-- “End-of-the-Year Celebration,” Friday, May 5, 8 p.m. Join the planetarium for an end-of-the-year celebration to relax and enjoy just about everything the UW Planetarium has to offer. The program will close out the school year by touching on all of the favorite topics in this extended planetarium show. A free STAR Observatory tour (weather dependent) follows at 9 p.m.

-- Full-dome movie, “The Search for the Edge of the Solar System,” Tuesday, May 9, 7 p.m. The sun lies at the center of our solar system, and it is orbited by the eight planets and more. What other cosmic objects make up our solar system? And, where does the solar system end? The program will look beyond the orbit of Pluto to discover that the solar system reaches farther than originally thought. The film takes audiences on a journey to where the solar system ends and the interstellar medium begins.

-- “Brilliant Horizons,” Friday, May 12, 8 p.m. It is said that without darkness, we cannot know the light. Light, in the form of electromagnetic radiation, is how to experience and discover our universe. The wonders of the universe could not be explored without the use of electromagnetic radiation, such as ultraviolet, infrared, X-ray and visible light. A free STAR Observatory tour (weather dependent) follows at 9 p.m.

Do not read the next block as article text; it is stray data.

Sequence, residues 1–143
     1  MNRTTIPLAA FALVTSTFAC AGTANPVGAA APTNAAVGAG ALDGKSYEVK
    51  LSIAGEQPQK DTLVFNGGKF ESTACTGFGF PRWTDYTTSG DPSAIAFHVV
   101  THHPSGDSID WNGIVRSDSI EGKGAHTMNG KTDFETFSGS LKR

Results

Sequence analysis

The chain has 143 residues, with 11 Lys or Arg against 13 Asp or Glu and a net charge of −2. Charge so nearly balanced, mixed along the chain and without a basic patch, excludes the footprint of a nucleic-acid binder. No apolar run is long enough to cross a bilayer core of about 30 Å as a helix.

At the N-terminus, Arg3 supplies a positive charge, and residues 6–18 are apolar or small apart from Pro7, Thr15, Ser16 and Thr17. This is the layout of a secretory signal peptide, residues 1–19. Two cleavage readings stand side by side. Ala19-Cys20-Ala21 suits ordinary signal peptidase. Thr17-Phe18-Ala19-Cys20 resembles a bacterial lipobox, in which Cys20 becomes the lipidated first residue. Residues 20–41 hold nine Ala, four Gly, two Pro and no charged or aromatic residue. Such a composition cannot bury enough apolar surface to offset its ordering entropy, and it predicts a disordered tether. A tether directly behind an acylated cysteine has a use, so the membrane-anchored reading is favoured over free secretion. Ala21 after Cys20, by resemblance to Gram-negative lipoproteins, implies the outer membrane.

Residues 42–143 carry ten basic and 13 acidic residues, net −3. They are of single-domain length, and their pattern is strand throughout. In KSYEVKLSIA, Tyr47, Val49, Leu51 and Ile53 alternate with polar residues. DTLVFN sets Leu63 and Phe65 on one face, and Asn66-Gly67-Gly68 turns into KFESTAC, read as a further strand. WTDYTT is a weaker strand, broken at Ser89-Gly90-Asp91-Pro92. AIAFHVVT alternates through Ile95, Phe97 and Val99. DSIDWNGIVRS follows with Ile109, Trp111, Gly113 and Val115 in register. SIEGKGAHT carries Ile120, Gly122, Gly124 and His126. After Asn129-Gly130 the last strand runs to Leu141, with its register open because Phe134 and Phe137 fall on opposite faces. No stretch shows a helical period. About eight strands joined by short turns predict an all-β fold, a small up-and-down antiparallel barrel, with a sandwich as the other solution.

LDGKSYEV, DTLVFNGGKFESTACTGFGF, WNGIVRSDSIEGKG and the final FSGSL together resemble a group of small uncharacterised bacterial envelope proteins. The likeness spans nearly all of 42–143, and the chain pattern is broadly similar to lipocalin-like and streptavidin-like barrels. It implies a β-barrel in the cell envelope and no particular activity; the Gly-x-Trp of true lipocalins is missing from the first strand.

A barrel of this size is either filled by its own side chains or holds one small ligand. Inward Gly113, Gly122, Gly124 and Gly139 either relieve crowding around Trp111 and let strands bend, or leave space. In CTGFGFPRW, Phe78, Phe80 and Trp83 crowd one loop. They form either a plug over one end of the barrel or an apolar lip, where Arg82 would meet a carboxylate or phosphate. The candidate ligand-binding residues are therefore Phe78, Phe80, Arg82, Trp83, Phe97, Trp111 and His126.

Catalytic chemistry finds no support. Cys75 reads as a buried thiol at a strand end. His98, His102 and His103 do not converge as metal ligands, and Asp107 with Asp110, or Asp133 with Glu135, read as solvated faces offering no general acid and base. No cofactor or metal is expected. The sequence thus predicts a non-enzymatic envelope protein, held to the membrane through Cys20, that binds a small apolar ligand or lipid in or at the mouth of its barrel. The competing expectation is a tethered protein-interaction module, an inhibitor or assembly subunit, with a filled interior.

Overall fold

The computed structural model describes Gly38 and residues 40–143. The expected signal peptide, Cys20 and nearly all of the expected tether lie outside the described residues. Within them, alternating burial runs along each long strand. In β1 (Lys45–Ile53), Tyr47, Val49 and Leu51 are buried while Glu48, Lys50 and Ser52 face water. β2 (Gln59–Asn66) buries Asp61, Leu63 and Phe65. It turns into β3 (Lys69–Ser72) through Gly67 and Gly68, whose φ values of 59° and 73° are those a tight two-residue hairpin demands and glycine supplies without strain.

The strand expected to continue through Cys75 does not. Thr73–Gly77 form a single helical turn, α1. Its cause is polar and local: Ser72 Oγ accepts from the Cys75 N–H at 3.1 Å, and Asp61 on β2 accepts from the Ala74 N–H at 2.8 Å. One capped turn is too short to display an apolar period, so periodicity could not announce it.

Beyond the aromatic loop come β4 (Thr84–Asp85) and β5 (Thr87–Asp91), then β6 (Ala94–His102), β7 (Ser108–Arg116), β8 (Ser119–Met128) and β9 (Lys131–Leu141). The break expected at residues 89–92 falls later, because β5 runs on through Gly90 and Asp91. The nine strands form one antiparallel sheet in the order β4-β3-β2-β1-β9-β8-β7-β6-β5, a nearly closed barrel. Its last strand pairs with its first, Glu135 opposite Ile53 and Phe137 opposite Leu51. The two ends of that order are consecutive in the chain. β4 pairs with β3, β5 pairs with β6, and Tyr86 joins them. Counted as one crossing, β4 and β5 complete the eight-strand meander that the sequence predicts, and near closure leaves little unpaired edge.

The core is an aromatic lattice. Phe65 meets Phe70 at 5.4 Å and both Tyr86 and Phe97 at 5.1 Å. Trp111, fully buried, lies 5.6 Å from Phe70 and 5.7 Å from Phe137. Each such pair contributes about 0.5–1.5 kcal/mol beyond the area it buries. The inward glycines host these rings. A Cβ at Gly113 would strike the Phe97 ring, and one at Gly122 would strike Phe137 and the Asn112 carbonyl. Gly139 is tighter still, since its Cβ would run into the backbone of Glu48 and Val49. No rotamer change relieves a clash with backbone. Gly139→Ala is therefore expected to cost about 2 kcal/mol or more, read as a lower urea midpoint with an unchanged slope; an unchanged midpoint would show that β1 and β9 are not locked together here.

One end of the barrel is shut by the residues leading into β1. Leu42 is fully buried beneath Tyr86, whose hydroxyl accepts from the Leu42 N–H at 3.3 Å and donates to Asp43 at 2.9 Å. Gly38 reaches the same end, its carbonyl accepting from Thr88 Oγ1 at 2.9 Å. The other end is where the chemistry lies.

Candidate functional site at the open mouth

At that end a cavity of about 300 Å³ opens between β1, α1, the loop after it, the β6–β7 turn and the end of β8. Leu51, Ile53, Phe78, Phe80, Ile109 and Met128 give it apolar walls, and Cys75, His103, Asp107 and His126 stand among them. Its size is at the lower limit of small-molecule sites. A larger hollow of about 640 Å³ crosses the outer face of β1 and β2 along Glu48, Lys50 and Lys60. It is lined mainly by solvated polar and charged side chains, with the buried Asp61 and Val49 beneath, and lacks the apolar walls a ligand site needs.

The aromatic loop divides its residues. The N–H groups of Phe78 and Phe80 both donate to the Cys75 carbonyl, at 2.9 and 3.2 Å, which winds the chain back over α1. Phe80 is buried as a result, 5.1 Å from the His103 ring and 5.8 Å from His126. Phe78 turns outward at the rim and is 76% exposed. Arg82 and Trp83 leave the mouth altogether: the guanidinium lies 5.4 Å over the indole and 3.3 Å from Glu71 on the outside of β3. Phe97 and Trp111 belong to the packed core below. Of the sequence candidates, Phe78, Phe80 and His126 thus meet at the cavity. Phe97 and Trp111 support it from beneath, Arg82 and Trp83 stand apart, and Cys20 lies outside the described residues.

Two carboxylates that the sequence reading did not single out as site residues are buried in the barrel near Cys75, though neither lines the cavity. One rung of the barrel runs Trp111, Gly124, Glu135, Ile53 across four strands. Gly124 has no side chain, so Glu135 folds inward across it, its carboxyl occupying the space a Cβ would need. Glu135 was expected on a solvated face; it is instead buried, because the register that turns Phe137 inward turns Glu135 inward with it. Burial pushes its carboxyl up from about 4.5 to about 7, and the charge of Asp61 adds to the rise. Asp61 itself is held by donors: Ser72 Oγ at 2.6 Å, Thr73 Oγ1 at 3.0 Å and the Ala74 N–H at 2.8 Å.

-- “A Stroll Through the Solar System,” Saturday, May 13, 11 a.m. Sun, planets, and moons: There is so much in the Earth’s cosmic neighborhood to explore. Travel the solar system in all its beauty and wonder. After the show, visitors can head outside to walk a scaled distance to Pluto. If the Earth were only a few inches from the sun, how far away would Pluto be? The answer will amaze participants. The solar system walk-through is weather dependent. If the weather is inclement, a pocket solar system activity will take place.

-- “This Month’s Sky,” Tuesday, May 16, 7 p.m. As the months and seasons change in Wyoming, new astronomical events occur in the nighttime sky. No matter what time of year, there is always something to see after the sun goes down. From constellations to meteor showers to visible planets, the program acts as a guide to these events and where to find them.